The question is how to counter this, and I wonder if trying to get into the data center platform business is the right answer, for three reasons.

The first reason is that they risk exacerbating their risk rather than controlling it.  The threat to Amazon and Google is less that someone else will drive a data-center-centric vision of cloud evolution, but that such a vision will develop at all.  What both Amazon and Google need is for computing to become more populist, tactical, framed on hosted offerings rather than on self-development.  That’s not what data center and development people would be predisposed to do, no matter who’s selling cloud to them.

The second reason is that to the extent that either Microsoft or IBM would pose a specific threat, open-source premises computing is a better response, and one that’s both accepted by buyers and supported by several highly credible sellers.  Microsoft and IBM already struggle to position against open-source alternatives, and it’s very possible that an organized drive by Amazon or Google to penetrate the data center would help the very IT giants they fear most.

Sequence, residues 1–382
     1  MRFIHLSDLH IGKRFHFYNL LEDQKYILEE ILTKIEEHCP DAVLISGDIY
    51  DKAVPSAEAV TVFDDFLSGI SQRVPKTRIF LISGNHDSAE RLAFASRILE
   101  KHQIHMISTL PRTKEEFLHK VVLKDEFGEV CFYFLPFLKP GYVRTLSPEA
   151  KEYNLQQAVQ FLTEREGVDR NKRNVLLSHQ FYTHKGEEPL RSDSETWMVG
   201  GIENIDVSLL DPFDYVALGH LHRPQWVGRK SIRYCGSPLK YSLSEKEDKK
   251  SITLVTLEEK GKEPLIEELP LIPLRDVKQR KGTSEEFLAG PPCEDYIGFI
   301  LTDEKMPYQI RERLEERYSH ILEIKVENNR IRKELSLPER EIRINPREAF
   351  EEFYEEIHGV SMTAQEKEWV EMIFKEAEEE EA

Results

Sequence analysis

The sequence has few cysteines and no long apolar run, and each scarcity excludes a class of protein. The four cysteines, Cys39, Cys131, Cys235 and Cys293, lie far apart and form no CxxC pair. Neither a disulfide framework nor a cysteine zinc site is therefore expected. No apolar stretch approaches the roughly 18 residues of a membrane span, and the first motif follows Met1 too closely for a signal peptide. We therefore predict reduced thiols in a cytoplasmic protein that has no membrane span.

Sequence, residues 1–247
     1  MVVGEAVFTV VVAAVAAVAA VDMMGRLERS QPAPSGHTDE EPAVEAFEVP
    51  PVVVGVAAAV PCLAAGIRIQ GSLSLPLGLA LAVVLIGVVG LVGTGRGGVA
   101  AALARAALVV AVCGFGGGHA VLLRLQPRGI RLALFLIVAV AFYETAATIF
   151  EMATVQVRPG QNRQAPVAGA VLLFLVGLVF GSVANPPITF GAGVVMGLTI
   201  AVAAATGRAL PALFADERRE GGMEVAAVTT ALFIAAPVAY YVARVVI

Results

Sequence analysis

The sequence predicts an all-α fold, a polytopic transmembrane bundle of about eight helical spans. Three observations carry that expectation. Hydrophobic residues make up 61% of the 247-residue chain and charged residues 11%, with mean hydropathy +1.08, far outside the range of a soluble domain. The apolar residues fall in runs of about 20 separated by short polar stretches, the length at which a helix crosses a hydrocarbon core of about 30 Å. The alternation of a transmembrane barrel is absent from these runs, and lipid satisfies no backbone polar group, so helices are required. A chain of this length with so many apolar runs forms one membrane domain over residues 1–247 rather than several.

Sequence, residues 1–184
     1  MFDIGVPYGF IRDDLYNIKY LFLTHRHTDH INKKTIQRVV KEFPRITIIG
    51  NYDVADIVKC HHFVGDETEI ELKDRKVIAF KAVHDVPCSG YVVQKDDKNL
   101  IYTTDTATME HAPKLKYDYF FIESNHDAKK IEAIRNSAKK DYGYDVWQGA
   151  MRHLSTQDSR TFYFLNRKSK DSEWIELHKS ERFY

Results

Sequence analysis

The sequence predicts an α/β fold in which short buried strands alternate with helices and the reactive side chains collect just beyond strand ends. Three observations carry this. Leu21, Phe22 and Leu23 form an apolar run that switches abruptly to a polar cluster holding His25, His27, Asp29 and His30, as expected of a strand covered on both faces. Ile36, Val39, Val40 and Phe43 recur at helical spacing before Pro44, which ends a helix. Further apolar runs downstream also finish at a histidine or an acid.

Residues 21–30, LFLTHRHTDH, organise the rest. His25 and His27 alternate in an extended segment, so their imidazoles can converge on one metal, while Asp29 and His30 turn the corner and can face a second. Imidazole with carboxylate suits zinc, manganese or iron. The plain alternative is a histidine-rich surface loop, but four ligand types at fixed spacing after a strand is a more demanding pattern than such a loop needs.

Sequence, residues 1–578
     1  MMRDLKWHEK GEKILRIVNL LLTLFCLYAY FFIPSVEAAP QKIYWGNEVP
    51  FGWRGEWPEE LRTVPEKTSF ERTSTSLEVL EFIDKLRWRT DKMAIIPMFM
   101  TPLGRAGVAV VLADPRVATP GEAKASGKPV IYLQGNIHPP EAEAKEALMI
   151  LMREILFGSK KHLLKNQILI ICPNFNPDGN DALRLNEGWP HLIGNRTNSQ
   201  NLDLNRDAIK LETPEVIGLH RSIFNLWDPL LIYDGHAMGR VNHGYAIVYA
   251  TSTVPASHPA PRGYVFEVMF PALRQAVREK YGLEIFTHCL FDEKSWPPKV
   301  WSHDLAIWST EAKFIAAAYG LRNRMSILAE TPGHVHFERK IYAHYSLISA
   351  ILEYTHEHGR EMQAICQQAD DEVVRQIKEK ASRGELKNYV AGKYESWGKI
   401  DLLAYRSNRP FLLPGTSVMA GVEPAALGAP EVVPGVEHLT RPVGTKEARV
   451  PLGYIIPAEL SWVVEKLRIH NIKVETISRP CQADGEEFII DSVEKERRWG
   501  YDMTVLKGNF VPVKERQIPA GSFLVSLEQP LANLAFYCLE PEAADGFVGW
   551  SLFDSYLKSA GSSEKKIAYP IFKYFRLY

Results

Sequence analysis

The final reason is that Amazon and Google would fail in an attempt to field a real data center platform.  You need massive account presence, field marketing support, technical support, positioning and marketing—stuff neither company has in place for data center sales situations.  Further, deciding to compete in the data center would likely result in Microsoft and IBM using their account influence against Amazon and Google cloud solutions.

So what should Amazon and Google do?  The answer is simple; create more and better cloud web services that can be used in data center and hybrid applications.  And target IBM specifically, not Microsoft.